What is Johnson and Jackson County?
Johnson County is the largest county of Kansas City, KS.
Jackson County is the largest county of Kansas City, MO.
Take a moment to compare the demographics of the two counties, and consider the differing economic status of the two.
|Johnson County||Jackson County|
|People in poverty (%)||5.5||13.0|
|Bachelors Degree or higher (%)||55.3||30.9|
|Without health insurance (%)||7.2||12.5|
|Median household income in 2018 ($)||84,915||52,805|
We know that throughout the US, race and socioeconomic status are unfortunately linked. And while socioeconomic status informs the money and education put towards the quality of health care, health systems are also affected by these standards.
Thus at the root of the issue of race and health care inequalities is a systemic inability to provide equal health care to those of differing socioeconomic groups.
Source: US Census
How does quality of healthcare differ between Johnson and Jackson County?
What is the highest quality of hospital in either county?
*Saint Luke’s was ranked highest in MO, but I chose to omit them from this consideration as they have locations in both KS and MO, and the statistics used for their ranking included the KS locations.
University of Kansas Hospital
A general medical and surgical facility and teaching hospital nationally ranked in eight different adult specialties, high performing in three adult specialties, and six procedures and conditions by the US World Report.
Research Medical Center
Also a general medical and surgical facility and teaching hospital, Research Medical Center is high performing in two adult procedures and conditions, according to the US World Report.
While the difference in quality between the two most prominent hospitals in either county is already evident, when looking at the quality of hospitals throughout the county, the shortcomings of Jackson County’s healthcare system is even more obvious.
Jackson County does provide marginally more medical centers for their proportionately larger and more spread out population; however, as I interviewed a doctor who had completed his residency and fellowship at KU Medical Center (KS), before beginning to work at Research Medical Center (MO), he candidly stated: “While Research Medical Center certainly does provide healthcare, it simply does not have the funding to match the same level of growth and improvement as KU.”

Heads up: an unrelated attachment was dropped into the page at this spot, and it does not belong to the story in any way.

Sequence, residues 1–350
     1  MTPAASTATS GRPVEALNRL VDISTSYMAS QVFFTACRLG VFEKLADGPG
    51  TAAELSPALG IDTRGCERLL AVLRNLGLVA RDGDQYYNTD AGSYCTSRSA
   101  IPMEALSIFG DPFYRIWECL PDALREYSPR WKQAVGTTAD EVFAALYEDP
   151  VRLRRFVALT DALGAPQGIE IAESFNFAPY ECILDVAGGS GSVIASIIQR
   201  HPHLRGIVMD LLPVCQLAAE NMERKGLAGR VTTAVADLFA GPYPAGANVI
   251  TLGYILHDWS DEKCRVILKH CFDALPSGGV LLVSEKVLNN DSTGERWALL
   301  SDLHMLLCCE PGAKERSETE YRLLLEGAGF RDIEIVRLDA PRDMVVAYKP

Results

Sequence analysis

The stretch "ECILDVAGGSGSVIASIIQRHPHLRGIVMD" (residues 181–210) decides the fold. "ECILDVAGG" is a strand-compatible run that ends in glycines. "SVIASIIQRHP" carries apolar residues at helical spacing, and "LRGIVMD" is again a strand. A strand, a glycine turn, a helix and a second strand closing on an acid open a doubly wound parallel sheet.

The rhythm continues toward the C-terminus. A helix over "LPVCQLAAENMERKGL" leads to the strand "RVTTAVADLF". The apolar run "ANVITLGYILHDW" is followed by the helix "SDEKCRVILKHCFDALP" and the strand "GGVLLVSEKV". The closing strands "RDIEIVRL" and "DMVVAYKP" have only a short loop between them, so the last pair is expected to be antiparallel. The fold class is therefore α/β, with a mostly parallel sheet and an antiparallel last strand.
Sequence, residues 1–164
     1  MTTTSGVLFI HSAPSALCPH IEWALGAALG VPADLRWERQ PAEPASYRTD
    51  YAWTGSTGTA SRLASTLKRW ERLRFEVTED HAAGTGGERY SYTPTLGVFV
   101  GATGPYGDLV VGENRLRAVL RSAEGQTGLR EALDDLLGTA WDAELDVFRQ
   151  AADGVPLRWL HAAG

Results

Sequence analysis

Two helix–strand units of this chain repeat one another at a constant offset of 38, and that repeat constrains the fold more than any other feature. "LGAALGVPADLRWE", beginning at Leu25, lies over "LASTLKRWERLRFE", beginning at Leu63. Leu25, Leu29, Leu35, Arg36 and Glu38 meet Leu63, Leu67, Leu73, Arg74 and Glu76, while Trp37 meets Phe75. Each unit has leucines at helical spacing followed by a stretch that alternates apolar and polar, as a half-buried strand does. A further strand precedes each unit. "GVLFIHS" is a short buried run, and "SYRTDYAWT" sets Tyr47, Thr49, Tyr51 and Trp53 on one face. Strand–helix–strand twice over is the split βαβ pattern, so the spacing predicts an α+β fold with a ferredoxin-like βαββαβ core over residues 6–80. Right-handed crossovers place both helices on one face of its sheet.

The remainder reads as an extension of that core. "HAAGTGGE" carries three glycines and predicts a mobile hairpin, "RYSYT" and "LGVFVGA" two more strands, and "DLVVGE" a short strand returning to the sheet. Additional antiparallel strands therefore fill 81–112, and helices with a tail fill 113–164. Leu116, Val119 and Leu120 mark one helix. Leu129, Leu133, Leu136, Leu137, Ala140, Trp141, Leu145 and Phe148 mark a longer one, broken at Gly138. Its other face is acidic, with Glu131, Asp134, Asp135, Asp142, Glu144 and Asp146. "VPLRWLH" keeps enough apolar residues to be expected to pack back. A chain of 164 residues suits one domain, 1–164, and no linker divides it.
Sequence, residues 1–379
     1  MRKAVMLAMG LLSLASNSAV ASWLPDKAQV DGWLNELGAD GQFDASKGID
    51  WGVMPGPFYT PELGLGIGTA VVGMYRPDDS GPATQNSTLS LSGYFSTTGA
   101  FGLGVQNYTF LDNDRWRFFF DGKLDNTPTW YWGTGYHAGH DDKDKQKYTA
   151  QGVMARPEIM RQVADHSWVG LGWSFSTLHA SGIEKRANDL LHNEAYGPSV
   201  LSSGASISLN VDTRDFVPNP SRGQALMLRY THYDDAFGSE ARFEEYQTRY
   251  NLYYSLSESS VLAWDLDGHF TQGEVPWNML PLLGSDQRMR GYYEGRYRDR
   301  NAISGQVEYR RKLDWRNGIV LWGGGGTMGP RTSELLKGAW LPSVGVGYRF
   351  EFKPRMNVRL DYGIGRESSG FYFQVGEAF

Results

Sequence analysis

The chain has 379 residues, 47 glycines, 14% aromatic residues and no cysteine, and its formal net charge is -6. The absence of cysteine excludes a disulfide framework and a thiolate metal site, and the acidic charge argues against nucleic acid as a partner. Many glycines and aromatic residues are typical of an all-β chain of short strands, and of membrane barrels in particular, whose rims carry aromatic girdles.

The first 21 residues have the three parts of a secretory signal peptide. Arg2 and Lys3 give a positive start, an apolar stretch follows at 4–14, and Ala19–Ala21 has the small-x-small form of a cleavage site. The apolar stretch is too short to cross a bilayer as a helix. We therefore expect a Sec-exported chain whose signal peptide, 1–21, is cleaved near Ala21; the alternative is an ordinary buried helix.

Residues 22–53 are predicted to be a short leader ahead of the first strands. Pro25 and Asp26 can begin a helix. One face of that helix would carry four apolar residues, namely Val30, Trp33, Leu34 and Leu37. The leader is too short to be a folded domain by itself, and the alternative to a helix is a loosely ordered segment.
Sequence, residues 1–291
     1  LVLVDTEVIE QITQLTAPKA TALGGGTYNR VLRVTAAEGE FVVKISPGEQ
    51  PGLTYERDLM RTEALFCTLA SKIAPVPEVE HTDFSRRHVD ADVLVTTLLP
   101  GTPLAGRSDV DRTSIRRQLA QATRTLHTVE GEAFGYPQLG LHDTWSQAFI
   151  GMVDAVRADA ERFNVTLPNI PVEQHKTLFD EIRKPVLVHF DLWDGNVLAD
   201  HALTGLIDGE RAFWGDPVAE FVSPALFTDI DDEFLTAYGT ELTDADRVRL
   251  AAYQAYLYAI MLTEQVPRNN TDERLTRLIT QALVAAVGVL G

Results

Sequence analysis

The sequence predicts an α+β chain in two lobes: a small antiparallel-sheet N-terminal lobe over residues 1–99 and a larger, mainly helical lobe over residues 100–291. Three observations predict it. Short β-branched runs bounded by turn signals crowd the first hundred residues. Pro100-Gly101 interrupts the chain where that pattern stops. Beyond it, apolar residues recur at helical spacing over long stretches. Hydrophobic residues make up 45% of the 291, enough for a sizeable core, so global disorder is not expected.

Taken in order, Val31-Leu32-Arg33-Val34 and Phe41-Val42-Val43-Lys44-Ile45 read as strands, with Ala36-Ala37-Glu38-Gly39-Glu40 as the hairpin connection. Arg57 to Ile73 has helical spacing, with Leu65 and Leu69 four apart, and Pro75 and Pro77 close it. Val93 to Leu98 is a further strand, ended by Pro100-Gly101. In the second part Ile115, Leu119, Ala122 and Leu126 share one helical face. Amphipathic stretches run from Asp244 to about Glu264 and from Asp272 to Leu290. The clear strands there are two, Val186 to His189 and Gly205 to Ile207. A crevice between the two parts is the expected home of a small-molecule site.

How does the funding for hospitals and medical workers wages differ between the two counties?
KU Medical Center receives funding from both the Ewing Marion Kauffman Foundation, a Kansas City nonprofit with an endowment of over $2 billion, and from the KU Endowment, which has $1.82 billion.
Research Medical Center, on the other hand, receives funding in a vastly different manner. In 2003 the hospital was bought by HCA Healthcare, which manages 185 hospitals and 119 surgery centers, with a revenue of $46.7 billion. When Research Medical Center was purchased, the hospital was only given $100 million.
As far as wages go, Research Medical Center was in the news in June 2018, as nurses went on strike to protest the nurse retention rates of the hospital, as well as under-staffing. They cited non-competitive wages for the 169 nurses that quit in 2017.
More recently, nurses at Research Medical Center, as well as the other HCA hospitals in the region said that the hospital had not provided adequate protection during this COVID-19 pandemic.
As a survey completed by National Nurses United reports:
- 35% of HCA nurses reported having access to N95 respirators, compared to 52% at other hospitals.
- 16% reported having access to PAPRs, or powered air purifying respirators, compared to 23% at other facilities.
- 7% reported having enough personal protective equipment to protect staff and patients in the event of a surge in patients, versus 19% at other hospitals.
Learn about the quality of healthcare in your state!
International? Look at the report and ranking of your country!
Now the big question… How can we, as a society, fix these disparities?